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Grant Details

Grant Number: 1R21CA256749-01A1 Interpret this number
Primary Investigator: Prizment, Anna
Organization: University Of Minnesota
Project Title: Role of Genetic and Epigenetic Alterations in Cftr in Colorectal Cancer
Fiscal Year: 2021


Abstract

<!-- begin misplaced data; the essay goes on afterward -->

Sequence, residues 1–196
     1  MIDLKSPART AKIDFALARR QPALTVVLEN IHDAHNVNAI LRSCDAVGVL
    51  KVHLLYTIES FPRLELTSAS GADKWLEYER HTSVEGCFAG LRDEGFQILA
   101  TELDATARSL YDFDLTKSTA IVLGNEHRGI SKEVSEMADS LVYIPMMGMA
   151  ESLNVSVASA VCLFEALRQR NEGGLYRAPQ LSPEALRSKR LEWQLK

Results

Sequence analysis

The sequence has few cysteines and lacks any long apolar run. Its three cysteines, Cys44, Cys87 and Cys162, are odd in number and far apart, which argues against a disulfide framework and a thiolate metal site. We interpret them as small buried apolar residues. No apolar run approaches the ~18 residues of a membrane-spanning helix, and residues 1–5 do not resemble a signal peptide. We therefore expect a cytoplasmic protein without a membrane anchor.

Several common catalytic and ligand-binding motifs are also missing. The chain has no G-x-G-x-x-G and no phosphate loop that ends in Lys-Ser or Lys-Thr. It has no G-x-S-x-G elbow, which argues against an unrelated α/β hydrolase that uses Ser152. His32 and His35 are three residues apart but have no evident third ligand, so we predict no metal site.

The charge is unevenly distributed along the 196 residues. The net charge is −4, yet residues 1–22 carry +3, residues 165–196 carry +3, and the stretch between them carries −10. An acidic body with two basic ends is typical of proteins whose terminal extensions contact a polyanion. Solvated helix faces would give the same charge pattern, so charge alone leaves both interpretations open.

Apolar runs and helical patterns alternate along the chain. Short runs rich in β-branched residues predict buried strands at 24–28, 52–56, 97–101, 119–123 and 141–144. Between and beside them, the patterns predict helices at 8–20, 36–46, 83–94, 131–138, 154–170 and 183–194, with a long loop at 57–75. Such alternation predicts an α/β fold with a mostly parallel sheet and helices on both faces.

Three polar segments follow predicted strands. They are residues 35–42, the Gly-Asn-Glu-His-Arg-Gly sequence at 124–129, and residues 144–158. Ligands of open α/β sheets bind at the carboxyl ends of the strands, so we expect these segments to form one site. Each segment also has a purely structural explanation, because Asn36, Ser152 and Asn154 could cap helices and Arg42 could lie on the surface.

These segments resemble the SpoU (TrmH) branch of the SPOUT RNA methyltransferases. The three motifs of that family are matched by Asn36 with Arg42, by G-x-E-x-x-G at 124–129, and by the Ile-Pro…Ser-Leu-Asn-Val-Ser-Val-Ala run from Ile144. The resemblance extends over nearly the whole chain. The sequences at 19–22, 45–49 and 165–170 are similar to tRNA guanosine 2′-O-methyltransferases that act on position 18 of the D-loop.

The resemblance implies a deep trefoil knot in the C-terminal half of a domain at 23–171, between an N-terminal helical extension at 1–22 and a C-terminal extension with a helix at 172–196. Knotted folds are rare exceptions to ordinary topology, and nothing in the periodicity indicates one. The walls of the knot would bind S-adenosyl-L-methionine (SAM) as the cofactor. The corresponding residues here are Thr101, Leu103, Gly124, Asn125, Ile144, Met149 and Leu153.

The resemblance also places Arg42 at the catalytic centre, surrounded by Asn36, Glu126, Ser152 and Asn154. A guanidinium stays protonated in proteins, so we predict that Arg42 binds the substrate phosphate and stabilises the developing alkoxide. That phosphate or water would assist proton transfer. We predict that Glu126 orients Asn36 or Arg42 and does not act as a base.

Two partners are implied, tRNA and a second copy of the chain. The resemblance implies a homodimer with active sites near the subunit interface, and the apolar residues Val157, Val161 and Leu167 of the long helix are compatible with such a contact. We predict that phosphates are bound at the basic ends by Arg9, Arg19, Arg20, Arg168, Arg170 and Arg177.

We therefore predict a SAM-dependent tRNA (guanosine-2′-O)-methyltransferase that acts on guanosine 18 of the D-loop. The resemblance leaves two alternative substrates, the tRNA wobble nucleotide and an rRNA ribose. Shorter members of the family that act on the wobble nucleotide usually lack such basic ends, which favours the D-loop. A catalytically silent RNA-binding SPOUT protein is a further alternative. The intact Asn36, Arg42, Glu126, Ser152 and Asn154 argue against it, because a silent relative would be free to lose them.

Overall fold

SUMMARY Colorectal cancer (CRC) is the second leading cause of cancer-related deaths in the U.S. Despite advances in screening, ~50% of CRC cases are detected at later, less treatable stages. There is a need to identify new cancer-causing genetic alterations in CRC. Our group has recently shown a critical role for the cystic fibrosis transmembrane conductance regulator (CFTR) gene as a tumor suppressor in CRC. Epidemiological studies demonstrated that individuals with CF have six times greater risk of CRC than the general population, leading to recent classification of CF as a hereditary colon cancer syndrome. Further, our animal studies as well as a recent human study, suggested that heterozygous CF-carriers may also be at CRC risk. If confirmed, these findings have implications for the general population because more than 10 million Americans carry one copy of germline CF-causing mutations. In addition, we showed that lower CFTR expression in CRC tumors is associated with decreased overall and disease-free survival of CRC patients. In these tumors decreased CFTR expression is associated with increased promoter DNA methylation which suggests that DNA methylation may drive decreased CFTR expression in CRC tumors. Our central hypothesis is that germline and epigenetic alterations in the CFTR gene contribute to increased CRC risk and mortality. In Aim 1, we will determine associations of germline CFTR variants with CRC incidence and survival of CRC patients using existing genetic data, including high-quality whole genome sequencing, whole exome sequencing and genome-wide association studies, from large population-based studies – TOPMed, GECCO, and UK Biobank. In Aim 2, we will examine the association of DNA methylation in CFTR promoter with CFTR expression and survival of CRC patients using publically available data from the Cancer Genome Atlas Program (TCGA) and Gene Expression Omnibus (GEO) datasets. The findings from this study could lead to CFTR mutation-based screening for early CRC detection in general population and testing CFTR-targeting therapies to improve survival of CRC patients with CFTR dysfunction.



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